Always in the family there was a strong sense of pride in our tradition and forebears. It was not clear why this was since we came from such humble stock. There were legends about Great, Great Uncle John who was a policeman exemplary of the post Civil War era in Tennessee and who operated several business including a reputed “disorderly house”. The pewter pouring container allegedly used to serve his guests with holiday toddies has been passed down. It is a bit battered and worn because both Aunt Mary and my Dad placed it on a wood stove and melted the bottom.
My Father’s tradition was to be neighborly and hospitable. I can remember when a gentlemen arrived in Porterville with a donkey cart. He had driven it across the United States from Oklahoma. Before long, he was staying on property my parent’s owned a couple of miles from the Farm. My Dad built a single wall cabin for him and his kin and they worked around the area, chopping and picking cotton or whatever might be available. One day after running down the Tule River from the cabin to the Farm he confessed to my Father that he had spent time in the Oklahoma Penitentiary for statutory rape. It didn’t seem to make a difference because he continued to live on the property for a time. The property he lived on was remote along the Tule River and I think my Dad wanted someone there to keep it from being a candidate for mayhem and vandalism. This residency did cause some consternation because one day someone parked their car nearby and shot from across the road through the cabin’s metal roof. It scared the dickens out of the Oklahomans, and in my memory they soon moved.
Humility is another mountain value. It is best to not boast about oneself. I certainly saw this in my Grandfather, John Marion Longley. He was a tall, well liked and a handsome man of significant dignity. He served on the Democratic Central Committee in Tulare County and then ran for Tulare County supervisor. He was so private and reluctant to boast about himself, that he did a poor job with the stump speeches. He was very reluctant to get up and tell people why he was the best choice for the job. This duty was left to my Father and he made his best effort to no avail for Grandfather’s success in the election. It did generate a political interest in Dad, however, and years later he ran successfully for the office. I do not remember Dad doing much boasting. Instead he quoted Jefferson in the Farm Tribute paper and used his own Ford tractor to mow road right of way when someone complained to him. It was his high point and he was re-elected to the position twice more before leaving office in 1967.
Loyal Jones defines Love of Place as a mountain virtue. This has nearly escaped the family for we live throughout the United States. One of our children even resides in Africa. I served as a city manager for quite a few years, and moved throughout California. During my career, I always wanted to go home to the Farm in Tulare County. A living was to be made elsewhere, but the farm was a place of family, interest and peace. As a family we have lost this.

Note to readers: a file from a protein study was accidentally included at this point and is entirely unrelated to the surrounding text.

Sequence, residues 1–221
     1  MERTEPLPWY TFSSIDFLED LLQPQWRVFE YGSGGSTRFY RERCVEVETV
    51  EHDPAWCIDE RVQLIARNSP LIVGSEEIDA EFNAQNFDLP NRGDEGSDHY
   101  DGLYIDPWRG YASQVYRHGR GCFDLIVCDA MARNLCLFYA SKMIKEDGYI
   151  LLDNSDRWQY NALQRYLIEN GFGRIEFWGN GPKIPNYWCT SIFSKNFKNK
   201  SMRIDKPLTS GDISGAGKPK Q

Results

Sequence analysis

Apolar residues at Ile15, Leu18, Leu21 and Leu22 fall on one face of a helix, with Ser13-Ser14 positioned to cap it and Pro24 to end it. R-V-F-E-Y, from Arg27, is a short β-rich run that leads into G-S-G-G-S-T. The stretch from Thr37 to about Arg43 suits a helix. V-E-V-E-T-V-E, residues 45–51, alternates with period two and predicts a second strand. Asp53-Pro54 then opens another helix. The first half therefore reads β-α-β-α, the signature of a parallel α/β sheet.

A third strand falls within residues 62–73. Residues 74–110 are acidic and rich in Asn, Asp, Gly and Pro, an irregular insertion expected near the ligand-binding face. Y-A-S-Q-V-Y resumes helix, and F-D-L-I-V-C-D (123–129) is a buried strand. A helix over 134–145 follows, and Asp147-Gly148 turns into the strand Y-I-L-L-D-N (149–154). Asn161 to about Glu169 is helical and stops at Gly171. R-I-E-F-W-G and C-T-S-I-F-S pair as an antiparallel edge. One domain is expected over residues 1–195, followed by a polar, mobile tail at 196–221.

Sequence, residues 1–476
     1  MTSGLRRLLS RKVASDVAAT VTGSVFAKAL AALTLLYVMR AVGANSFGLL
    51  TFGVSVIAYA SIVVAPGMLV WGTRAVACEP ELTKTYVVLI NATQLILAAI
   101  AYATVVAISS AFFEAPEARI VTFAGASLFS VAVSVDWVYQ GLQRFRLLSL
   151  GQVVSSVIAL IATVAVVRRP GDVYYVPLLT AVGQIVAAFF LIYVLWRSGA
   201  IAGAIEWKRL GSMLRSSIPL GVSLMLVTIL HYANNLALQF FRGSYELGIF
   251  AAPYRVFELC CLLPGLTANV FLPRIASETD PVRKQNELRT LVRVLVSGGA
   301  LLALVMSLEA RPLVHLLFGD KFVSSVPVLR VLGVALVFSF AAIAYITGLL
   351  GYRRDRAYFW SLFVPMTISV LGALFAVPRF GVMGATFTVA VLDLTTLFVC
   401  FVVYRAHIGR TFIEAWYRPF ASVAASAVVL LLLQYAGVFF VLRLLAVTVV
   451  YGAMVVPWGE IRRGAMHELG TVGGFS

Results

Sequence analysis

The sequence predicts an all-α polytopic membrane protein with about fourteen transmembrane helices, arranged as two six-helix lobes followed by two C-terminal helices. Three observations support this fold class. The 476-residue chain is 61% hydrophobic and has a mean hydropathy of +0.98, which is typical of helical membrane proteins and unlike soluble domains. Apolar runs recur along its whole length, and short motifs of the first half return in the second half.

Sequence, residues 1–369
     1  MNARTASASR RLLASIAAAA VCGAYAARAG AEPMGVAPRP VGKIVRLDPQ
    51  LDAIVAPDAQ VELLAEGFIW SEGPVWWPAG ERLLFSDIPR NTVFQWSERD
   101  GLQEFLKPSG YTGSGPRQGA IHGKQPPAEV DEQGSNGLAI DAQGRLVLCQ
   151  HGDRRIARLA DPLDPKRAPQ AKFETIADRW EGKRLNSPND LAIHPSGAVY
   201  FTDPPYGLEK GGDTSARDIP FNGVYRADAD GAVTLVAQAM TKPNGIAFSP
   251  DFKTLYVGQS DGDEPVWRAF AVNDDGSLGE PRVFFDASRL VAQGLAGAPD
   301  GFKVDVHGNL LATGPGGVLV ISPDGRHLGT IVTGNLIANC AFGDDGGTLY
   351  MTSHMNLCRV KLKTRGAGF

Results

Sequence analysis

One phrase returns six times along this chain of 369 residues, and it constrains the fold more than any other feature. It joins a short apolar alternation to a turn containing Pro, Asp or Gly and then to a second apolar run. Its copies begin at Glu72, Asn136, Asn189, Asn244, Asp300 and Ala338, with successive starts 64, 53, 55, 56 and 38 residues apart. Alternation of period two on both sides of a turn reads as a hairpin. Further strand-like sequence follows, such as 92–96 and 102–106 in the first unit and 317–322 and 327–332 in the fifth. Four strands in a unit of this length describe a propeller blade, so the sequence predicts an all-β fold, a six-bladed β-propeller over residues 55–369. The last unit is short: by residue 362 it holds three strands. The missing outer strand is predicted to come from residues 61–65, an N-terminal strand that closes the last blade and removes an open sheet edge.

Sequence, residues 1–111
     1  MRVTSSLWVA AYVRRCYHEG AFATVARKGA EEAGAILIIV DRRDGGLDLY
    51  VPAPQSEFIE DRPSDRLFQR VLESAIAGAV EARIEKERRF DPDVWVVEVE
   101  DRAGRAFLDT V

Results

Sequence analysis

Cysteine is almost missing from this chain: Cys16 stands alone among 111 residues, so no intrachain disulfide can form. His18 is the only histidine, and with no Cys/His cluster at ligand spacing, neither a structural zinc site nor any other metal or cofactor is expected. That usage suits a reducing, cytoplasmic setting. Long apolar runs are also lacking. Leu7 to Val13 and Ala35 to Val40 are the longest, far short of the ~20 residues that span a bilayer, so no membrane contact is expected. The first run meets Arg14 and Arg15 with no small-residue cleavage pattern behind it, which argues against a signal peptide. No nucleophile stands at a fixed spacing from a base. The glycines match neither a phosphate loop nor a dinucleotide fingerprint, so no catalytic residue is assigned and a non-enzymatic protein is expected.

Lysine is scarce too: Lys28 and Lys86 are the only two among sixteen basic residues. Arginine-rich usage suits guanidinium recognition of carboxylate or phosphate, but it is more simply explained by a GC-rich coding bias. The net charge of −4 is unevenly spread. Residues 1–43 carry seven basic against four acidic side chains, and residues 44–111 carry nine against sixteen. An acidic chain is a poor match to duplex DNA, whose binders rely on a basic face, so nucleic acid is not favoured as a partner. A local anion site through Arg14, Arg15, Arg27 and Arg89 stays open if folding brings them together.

My Father had opportunity outside his home of Porterville and my Mother wanted him to pursue it, but they never did. Through their years they lived at the Porterville farms (both Indiana and Westwood Streets) and at the cabin in the Sierra mountains. Before there was a cabin, there were numerous pack trips with riding and pack stock providing transportation to many destinations including Parole Cabin, Rifle Creek, Trout Meadow, Crabtree Meadow, Kern Flats, Funston Meadow, and Clicks Creek by the Haenggi Cow Camp. Mom and Dad demonstrated Loyal Jones value “Sense of place is one of the unifying values of mountain people, and it makes it hard for us to leave the mountains and when we do, we long to return.” (Loyal Jones, Appalachian Values, 1994, p. 99)
A paramount mountain value for the family has been Patriotism. This has primarily been demonstrated through service. Grandpa Longley did not serve in the military though he told me he traveled to Athens, Tennessee (I believe) to sign up for the Spanish American War but either decided against or was not able to accomplish an enlistment. Dad served in the Army-Air Corps during WWII, my Brother and I served respectively in the Army and Air Force during the Vietnam era, and son John served in the Army during Iraq. In addition, Son-in-Law Jake served in the Air Force during Afghanistan and Iran, Niece E.J. and the Coast Guard and Daughter P.J. investigated closely the Air Force before she married. We can all fly the American flag with a special feeling of patriotic identity.